Nice Parting Gift, Dude!

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Like it or not, Leo Apotheker managed to put his software-flavored stamp on Hewlett-Packard (NYS: HPQ) before he left.

The surprise choice to replace scandal-battered Mark Hurd as HP's CEO set the gears in motion to transform the hardware-heavy tech giant into a software and services operation with fatter margins. The $10.3 billion offer for data-management specialist Autonomy was a key ingredient in that soup -- and perhaps one that new boss Meg Whitman wishes could be undone.

But it's too late now. After Monday's closing bell, HP declared the offer "wholly unconditional" because 87.3% of Autonomy's shareholders has tendered their shares. So this is a done deal, and Whitman must figure out how to incorporate Apotheker's largest legacy into her vision of HP.

The old plan to sell a high-volume but tiny-margin PC division has apparently been scrapped, and the super-profitable printer division was never in any real danger. If Apotheker wanted to borrow the IBM (NYS: IBM) blueprint, HP is now heading down a very different and less clearly defined road. The market hates uncertainty, and now there's more of it.

Watch the unwatchable
Watching HP doing business these days is a lot like watching slow-motion video of a 42-car pileup. You want to stop the horrific scene in front of you but you can't, and it's impossible to look away. The board that created this mess picked a proven tech leader in Whitman, but her experience from eBay (NAS: EBAY) won't necessarily translate into success for the HP conglomerate. And I'm afraid that Chairman Ray Lane might want to run the show with Whitman as a mere figurehead -- a Quisling puppet regime with some star power.

We'll just have to wait and see, but I don't think that the Whitman/Lane duo has a clue what to do with the Autonomy assets Apotheker left them, and I don't see an end to the misery anytime soon. Through a long series of thoughtless knee-jerk reactions, the culture of innovation that Bill Hewlett and David Packard created has become a dead end. The Apotheker hire was misguided, but at least it was bold. Now even that spark of hopeful creativity is gone.

Don't grab this falling knife!
And so the long, slow decline into nothing continues. You're better off owning a Dow Jones Industrial Average (INDEX: ^DJI) index fund or a broad tech ETF such as Technology SPDRs (NYS: XLK) over the next several years. If you're looking for a better IBM clone, the original Big Blue is doing great, and even Cisco Systems (NAS: CSCO) looks like a more likely turnaround candidate in that category. Either way, you should stay far away from this collapsing house of cards.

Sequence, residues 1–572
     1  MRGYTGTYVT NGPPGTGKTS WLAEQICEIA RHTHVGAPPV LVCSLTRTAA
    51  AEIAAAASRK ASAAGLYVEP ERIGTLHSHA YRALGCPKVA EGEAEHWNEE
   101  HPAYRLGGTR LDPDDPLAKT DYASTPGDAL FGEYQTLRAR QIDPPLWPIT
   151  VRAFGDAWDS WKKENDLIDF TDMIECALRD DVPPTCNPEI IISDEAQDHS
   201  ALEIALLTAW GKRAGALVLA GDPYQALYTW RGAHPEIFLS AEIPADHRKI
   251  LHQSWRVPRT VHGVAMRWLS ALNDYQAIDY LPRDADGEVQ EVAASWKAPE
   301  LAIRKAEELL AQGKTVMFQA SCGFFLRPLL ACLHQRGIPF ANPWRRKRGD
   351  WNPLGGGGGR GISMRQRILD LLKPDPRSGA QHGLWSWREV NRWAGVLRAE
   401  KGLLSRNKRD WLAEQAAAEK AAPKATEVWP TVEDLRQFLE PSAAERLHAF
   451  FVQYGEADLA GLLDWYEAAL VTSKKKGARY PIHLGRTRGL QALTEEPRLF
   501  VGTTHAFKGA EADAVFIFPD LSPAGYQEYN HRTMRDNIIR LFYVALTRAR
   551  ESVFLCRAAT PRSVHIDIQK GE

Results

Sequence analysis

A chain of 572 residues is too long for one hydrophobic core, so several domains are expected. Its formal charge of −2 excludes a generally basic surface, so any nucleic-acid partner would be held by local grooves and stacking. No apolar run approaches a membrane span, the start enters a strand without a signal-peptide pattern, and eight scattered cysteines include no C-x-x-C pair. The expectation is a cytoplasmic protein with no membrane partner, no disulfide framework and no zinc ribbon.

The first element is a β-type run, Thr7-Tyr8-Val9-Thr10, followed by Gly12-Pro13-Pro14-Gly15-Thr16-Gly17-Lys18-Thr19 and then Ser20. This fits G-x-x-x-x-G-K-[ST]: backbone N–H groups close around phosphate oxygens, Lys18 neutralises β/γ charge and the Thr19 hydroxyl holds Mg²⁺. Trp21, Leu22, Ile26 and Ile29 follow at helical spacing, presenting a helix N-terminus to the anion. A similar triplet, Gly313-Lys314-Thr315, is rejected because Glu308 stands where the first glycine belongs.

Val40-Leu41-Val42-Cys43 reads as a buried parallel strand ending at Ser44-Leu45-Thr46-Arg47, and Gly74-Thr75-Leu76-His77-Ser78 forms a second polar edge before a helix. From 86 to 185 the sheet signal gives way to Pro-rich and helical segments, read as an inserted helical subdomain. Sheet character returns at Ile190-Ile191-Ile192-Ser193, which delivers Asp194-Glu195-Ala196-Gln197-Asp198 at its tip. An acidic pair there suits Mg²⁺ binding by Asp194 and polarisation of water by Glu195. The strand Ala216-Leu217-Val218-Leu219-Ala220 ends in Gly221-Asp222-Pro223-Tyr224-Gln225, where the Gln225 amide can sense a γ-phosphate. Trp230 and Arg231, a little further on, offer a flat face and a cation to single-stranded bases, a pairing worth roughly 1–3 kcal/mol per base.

The Autonomy purchase didn't make any of this happen, but it ain't helping, either. Under this regime, it would make more sense to stay the course and spend billions on exactly the kind of things HP already does well; Lenovo  springs to mind as a better target, or maybe HP could have taken some uncertainty out of its server department by buying the Itanium chip design from co-developer Intel (NAS: INTC) . But none of this can happen with the Autonomy purchase tying up so much of HP's spendable capital.

If Apotheker could feel the guillotine dropping, he left a fine going-away present for his executioners to clean up. I'm putting my professional reputation where my mouth is by rating HP Underperform in our CAPS system. Giants take a long time to die, but this one is going down as surely as the sun sets in the west. Feel free to follow along.

At the time this article was published Fool contributorAnders Bylundholds no position in any of the companies discussed here. He likes The White Stripes way too much, and found himself typing "Meg White" instead of "Whitman" several times while writing this article. The Motley Fool owns shares of IBM, Intel, and Cisco Systems, has bought calls on Intel, and has created a bull call spread position on Cisco Systems.Motley Fool newsletter serviceshave recommended buying shares of eBay, Cisco Systems, and Intel and creating a diagonal call position in Intel. Try any of our Foolish newsletter servicesfree for 30 days. We Fools don't all hold the same opinions, but we all believe thatconsidering a diverse range of insightsmakes us better investors. The Motley Fool has adisclosure policy.

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